Sunday afternoon was different. Very.

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I had to pick my way through a large assortment of people hanging out in what has become an honest-to-God neighborhood. The area around the intersection of Broadway and Grand has–in less than twelve months!–become a destination, with a multitude of coffee shops, restaurants, a few galleries, and even a nightclub jam-packed with people at 5:30 p.m. on a Sunday (making it a “dayclub?”). Sunday!

Downtown Oakland has begun to look like San Francisco.

Even San Francisco-style murals have begun to appear.

Something has always held Oakland back; for example, the three biggest problems in that city are crime, crime, crime, crime and crime (and yes, I can count). I mean, “Crime in Oakland, California” has its own Wikipedia entry. But there does exist one factor that can push Oaktown over the threshold from “underrated with great potential” to “seriously freaking awesome.” Rents.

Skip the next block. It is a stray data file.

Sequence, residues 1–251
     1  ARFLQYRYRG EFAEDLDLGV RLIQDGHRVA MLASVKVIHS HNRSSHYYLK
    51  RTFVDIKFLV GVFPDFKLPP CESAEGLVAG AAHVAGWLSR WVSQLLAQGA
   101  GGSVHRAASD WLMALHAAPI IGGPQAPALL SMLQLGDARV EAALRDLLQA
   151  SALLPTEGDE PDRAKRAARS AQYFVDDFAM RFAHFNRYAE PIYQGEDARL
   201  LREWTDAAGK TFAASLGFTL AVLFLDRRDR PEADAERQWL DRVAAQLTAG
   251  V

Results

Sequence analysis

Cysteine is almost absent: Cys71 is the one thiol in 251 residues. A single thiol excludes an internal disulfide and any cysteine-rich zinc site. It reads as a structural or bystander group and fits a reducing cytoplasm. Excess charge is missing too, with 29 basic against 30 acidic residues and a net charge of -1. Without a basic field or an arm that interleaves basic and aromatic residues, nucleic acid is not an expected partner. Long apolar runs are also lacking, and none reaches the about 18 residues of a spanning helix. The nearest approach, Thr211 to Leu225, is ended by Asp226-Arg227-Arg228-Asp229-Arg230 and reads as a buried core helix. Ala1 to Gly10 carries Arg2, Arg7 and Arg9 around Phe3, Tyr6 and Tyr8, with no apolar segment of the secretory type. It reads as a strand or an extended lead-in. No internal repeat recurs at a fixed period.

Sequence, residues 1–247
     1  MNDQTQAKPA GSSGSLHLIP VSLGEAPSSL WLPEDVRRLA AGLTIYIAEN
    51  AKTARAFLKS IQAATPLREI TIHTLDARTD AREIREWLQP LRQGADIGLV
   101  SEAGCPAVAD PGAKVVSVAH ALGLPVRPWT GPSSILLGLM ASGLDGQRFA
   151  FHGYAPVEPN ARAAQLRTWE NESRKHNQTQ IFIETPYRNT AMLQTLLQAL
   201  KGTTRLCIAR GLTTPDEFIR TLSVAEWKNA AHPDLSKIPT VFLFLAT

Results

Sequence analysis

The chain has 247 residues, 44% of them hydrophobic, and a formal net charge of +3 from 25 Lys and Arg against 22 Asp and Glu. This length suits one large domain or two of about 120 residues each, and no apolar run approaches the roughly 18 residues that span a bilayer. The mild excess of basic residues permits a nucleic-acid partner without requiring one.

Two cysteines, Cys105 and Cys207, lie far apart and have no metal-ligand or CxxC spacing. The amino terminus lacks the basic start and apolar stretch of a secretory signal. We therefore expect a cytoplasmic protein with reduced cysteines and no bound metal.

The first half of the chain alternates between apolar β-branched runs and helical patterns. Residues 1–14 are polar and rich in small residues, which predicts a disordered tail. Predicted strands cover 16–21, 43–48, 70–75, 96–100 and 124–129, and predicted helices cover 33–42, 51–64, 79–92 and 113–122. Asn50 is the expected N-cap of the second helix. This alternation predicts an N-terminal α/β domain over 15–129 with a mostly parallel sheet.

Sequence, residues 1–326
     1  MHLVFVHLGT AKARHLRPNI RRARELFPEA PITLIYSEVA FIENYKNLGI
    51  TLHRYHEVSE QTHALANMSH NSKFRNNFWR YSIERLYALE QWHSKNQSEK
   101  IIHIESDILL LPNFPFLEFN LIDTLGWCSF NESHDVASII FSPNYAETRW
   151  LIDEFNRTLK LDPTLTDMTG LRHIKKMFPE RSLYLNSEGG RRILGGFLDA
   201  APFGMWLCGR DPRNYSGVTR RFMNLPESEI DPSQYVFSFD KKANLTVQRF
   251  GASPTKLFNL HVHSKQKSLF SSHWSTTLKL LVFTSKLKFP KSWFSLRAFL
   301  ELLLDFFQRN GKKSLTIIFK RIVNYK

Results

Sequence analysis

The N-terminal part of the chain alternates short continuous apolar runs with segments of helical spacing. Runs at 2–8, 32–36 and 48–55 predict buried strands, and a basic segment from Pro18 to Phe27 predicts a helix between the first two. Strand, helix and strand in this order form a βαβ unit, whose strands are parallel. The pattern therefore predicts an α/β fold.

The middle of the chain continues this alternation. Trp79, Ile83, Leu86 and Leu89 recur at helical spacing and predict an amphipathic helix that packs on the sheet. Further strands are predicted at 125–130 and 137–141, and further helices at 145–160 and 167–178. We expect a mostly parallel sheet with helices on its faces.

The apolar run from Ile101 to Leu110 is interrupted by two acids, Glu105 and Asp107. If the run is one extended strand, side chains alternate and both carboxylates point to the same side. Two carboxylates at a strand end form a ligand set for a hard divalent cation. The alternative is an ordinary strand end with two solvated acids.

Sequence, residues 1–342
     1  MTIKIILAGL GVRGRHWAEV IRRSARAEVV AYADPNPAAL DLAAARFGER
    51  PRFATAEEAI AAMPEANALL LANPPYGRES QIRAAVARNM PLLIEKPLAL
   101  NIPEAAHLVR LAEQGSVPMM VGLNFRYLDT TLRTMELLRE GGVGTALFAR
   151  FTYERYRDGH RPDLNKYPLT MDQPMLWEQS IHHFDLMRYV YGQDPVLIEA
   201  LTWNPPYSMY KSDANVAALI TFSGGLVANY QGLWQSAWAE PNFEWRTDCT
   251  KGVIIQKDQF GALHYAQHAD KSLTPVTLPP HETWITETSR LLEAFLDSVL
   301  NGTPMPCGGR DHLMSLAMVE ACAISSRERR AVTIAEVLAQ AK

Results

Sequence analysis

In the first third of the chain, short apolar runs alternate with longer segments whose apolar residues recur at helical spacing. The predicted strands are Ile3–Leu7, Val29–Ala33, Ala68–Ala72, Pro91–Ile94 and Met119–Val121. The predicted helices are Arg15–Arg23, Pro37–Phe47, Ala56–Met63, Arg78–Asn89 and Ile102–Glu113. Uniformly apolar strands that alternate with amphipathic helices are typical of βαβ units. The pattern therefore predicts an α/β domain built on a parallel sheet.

In the entire San Francisco Bay Area, you will find two types of rental markets: reasonably unreasonably high rents…and San Francisco. Oakland happens to fit in the former category and right now, it has begun to attract the kind of people who can no longer call San Francisco home, or who would have called San Francisco home if they could have afforded it. Oakland could become the kind of artists enclave that San Francisco might cease to become.

Oakland even has dance troupes that will board the BART trains and perform for money.

That used to be a San Francisco thing.

Vonn Scott Bair